Sunday, April 27, 2008

Sunday Sermon (Anger)

¡Hola! Everybody,
I haven’t commented on the Sean Bell miscarriage of justice. I’m actually at a loss for words right now regarding this incident. Tomorrow at work, we will be strategizing in order to organize the city’s youth.

Today: a poem and a rant.

* * *

I want to stay by you and surround you with gifts.

Books of Neruda’s poetry.
Balloons from the park.
Sunny days and skinny-dipping.

I want to stay by you
so I can give you --
my vigilance when you’re home.

Tokens that tell you
you are missed.

Silent solitary parades
to celebrate your returns.

And all you will ever owe me
is a soft look
that says
you will miss me
when my gifts and I
have gone away.

-- Eddie, Nows [no. 11]
(All rights reserved ©)

* * *

-=[ Anger ]=-

“Every loving thought is true.
Everything else is an appeal for healing and help,
regardless of the form it takes.”

-- A Course in Miracles

This is a difficult post for me because lately I’ve been struggling with the issue. I find myself lashing at a loved one and if I lay down the defenses, I realize it’s just plain wrong. When I take the focus off the perceived wrong and put it on me, I see that my reactions are off.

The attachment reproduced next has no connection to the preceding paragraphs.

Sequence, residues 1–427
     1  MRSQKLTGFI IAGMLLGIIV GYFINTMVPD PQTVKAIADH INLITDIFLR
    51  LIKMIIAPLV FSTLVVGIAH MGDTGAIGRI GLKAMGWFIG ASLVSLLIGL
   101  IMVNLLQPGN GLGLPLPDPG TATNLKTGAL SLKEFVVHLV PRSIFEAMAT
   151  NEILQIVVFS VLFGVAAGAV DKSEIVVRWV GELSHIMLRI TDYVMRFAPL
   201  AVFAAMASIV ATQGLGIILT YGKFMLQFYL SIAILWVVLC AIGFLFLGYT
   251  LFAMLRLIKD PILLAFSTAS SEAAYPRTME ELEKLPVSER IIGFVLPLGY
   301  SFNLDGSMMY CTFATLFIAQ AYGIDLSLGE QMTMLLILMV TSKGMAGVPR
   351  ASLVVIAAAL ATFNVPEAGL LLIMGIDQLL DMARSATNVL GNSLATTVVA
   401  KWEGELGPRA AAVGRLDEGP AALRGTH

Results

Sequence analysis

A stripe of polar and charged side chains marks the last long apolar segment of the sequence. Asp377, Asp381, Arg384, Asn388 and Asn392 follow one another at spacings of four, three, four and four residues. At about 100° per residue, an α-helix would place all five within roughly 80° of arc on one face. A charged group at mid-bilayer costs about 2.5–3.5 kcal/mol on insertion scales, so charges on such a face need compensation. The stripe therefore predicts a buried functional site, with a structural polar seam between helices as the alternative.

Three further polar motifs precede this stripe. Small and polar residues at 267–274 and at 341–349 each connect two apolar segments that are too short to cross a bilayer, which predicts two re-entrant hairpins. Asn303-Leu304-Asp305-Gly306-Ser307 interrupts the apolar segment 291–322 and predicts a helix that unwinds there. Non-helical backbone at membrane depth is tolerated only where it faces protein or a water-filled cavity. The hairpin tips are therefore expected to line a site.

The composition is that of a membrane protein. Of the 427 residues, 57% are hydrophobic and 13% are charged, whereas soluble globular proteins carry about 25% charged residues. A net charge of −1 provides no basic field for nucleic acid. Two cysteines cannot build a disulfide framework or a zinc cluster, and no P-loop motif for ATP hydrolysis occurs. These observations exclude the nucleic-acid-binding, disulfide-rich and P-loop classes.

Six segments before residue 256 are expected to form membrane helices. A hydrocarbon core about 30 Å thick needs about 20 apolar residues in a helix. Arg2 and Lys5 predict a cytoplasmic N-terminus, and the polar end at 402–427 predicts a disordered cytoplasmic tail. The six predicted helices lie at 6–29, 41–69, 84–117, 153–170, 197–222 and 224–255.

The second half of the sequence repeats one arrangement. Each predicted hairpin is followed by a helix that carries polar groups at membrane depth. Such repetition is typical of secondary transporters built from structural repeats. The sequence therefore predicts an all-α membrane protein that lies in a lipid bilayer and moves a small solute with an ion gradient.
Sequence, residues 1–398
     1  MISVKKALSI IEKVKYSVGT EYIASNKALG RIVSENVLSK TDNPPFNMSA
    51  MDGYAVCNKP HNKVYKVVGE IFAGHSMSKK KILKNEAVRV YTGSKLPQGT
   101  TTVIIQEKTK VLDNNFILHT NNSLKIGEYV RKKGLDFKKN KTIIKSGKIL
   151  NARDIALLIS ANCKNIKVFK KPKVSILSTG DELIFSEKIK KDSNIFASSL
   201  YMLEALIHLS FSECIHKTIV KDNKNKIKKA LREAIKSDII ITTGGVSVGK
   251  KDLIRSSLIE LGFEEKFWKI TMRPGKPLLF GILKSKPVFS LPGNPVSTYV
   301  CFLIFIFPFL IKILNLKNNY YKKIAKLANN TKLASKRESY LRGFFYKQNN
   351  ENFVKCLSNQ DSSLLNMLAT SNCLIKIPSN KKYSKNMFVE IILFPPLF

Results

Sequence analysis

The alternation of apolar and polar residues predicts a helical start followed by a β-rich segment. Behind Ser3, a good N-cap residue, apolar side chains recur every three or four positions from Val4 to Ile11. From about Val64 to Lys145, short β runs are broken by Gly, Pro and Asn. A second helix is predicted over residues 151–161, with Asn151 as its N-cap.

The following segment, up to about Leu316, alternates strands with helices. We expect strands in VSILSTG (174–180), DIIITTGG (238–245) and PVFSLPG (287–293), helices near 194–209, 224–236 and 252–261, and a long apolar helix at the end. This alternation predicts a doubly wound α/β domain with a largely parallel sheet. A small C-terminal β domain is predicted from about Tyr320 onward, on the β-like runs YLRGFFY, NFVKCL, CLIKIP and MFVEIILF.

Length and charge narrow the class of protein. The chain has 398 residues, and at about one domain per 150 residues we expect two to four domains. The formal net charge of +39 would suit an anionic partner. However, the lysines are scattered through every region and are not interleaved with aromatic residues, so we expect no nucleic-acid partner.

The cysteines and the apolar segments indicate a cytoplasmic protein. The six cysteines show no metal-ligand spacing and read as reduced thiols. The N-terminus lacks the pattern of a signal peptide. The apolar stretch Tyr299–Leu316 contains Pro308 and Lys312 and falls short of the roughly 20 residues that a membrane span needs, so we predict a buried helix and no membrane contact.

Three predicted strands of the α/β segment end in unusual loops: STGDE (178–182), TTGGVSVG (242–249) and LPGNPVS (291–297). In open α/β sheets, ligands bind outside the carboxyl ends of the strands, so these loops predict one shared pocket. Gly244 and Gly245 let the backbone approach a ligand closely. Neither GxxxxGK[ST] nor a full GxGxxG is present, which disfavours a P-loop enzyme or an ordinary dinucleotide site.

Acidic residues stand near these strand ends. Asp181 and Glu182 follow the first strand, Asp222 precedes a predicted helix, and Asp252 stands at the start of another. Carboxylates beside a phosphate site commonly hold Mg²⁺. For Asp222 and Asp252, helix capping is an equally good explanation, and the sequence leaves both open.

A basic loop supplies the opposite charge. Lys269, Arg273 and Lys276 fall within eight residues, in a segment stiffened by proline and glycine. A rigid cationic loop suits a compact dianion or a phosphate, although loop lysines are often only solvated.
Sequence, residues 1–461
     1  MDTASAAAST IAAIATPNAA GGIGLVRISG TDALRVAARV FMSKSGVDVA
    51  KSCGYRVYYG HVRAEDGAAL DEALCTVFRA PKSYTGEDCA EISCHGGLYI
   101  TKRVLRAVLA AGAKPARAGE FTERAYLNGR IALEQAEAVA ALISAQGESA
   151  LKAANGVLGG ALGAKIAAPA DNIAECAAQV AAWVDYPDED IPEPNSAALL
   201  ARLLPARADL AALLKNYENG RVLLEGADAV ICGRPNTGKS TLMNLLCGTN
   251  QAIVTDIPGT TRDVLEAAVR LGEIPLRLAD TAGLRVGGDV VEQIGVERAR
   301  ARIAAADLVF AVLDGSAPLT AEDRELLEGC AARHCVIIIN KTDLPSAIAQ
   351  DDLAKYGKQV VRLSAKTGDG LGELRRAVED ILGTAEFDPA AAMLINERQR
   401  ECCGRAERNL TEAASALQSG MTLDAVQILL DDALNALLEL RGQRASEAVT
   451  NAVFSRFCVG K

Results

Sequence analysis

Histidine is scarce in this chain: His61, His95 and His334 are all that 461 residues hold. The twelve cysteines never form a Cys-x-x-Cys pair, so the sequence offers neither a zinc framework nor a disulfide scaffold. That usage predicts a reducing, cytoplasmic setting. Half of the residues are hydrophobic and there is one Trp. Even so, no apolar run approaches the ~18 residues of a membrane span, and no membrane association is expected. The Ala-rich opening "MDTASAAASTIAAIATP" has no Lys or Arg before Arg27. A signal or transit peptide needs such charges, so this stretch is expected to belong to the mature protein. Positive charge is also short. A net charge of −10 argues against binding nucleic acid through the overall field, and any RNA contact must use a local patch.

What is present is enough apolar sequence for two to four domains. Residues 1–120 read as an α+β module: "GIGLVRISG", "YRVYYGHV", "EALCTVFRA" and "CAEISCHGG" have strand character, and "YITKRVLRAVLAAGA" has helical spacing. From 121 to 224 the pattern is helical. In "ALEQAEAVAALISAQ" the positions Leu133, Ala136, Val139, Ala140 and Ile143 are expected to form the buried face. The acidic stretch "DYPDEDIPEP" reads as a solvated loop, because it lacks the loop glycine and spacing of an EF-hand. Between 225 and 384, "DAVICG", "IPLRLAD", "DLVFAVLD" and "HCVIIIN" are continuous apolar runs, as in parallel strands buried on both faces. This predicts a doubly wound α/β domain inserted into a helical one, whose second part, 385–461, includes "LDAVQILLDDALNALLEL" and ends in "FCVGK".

It’s a difficult realization not because it’s hard for me to own up to it, but because it lays bare how much work I have ahead of me.

Deep down inside anger is based on fear.

Truth is a loving thought. Every thought based on love is a truth. Everything else is a desperate and sometimes dysfunctional cry for wholeness. And the question remains of how I should respond to anger. How can I be justified in responding in anger to my loved one’s anger? The answer here is clear: the only appropriate response is the willingness to give with an open heart.

What if I were to propose that all anger is nothing more than attempt to make someone feel guilty. As long as I value guilt I will create a world in which attack is justified. As long as I can keep in mind that guilt is meaningless, I will understand that no attack can be justified.

When I attack, I lose sight of the fact that I am blessed. I attack because I feel deprived and am reacting from fear-based thinking. If instead I choose to love, I create abundance. If I choose to harden myself and contract, I embody the illusion that there is scarcity.

In attacking, whether I’m wrong or right, I hurt myself and I lose the chance to know my lover because essentially I fear what I attack.

I do know anger is never justified. Attack has foundation only in fear and escape from fear begins with this realization.

This is where I will be made whole.

If I don’t defend the anger then I enter a real world of possibilities and love instead inhabiting a dream world of terror.




What say you?


[un]Common Sense